Can he file for a divorce if I’ve already filed and served him papers?
Once you’ve filed for divorce and had your spouse served with papers, he won’t be able to file for divorce and will instead need to respond to your divorce petition. There are situations where two divorce petitions can go through, in which case one must be dismissed – typically whichever petition was filed later.
Here’s what you need to know about what happens when both spouses file divorce petitions.
How Your Spouse Could File for Divorce When You’ve Already Filed
After you file for divorce, a clerk will record that divorce petition, and it will be your responsibility to have your spouse served with the divorce paperwork. The length of time you have to serve your spouse varies depending on where you’re located. In New York, the limit is 120 days.
Let’s say that your spouse attempts to file for divorce after you’ve filed but before you’ve had him served the paperwork. If the clerk sees that you’ve already filed for divorce, they won’t let your spouse’s petition go through. If the records haven’t updated yet and the clerk doesn’t realize that you’ve already filed, then they will likely process your spouse’s divorce petition, at which point there will be two divorce petitions, one for each of you.
Once your spouse has been served, this is no longer a concern, as he wouldn’t be able to file divorce papers. This means that it’s in your interest to serve your spouse as soon as possible after filing for divorce.
What Happens When There Are Two Divorce Petitions
When you and your spouse each file for divorce, one needs to be withdrawn or dismissed. You two can negotiate to decide which petition will be withdrawn. If you can’t come to an agreement, then you can petition the court to dismiss your spouse’s petition. The court will typically dismiss whichever divorce petition was filed later.
Making a Counterclaim
When you file for divorce, you must include the grounds for divorce in the petition. Grounds are the reason for the divorce, and these will depend on whether you’re filing a no-fault divorce, which is available in every state, or a fault divorce, which is available in some states.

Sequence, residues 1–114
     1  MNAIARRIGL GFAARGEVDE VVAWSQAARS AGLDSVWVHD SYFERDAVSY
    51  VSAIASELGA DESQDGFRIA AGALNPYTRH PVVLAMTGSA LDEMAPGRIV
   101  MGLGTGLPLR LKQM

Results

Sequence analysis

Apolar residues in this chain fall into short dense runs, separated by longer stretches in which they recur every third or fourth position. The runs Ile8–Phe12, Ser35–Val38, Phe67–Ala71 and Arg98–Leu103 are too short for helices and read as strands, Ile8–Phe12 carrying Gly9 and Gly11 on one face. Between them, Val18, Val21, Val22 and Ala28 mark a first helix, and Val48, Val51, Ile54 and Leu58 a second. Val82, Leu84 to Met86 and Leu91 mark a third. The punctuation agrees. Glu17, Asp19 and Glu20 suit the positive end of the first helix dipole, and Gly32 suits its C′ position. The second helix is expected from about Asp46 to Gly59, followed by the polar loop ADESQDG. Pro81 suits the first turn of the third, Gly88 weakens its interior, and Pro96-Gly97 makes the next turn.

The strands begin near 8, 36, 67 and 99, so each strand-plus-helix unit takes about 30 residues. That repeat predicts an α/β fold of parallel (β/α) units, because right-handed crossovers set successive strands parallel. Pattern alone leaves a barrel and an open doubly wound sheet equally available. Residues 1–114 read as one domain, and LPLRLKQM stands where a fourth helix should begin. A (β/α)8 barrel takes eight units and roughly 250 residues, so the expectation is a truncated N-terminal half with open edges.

With a no-fault divorce, you’re not alleging your spouse was at fault. The grounds for a no-fault divorce are usually irreconcilable differences.
With a fault divorce, you’re alleging that your spouse was at fault for the divorce. You can then attempt to use your spouse’s actions to get a more favorable settlement in the divorce.
When you have your spouse served with divorce paperwork, he must respond in writing with his answer, where he can agree with your petition, deny it, or claim that he can’t agree or deny due to a lack of information. If he denies it, he can include a counterclaim where he presents his own grounds for divorce.
For example, let’s say that you file for divorce on the grounds of abandonment, alleging that your spouse moved out and hasn’t been home in three months. If he has a counterclaim that you committed adultery which prompted him to move out, he could put that in his answer. The case would then depend on the evidence each of you could present to the court.
The divorce process can be stressful and difficult, especially when you’ve never gone through it before. Sometimes spouses attempt to file unnecessary paperwork simply to bog down the process.
A qualified divorce lawyer can guide you as you go through a divorce. Your lawyer can help you get your petition filed properly, recommend a process server to have your spouse served and explain what to do if your spouse files for divorce after you. They could also go to the court in this situation to ask that your spouse’s divorce petition gets dismissed.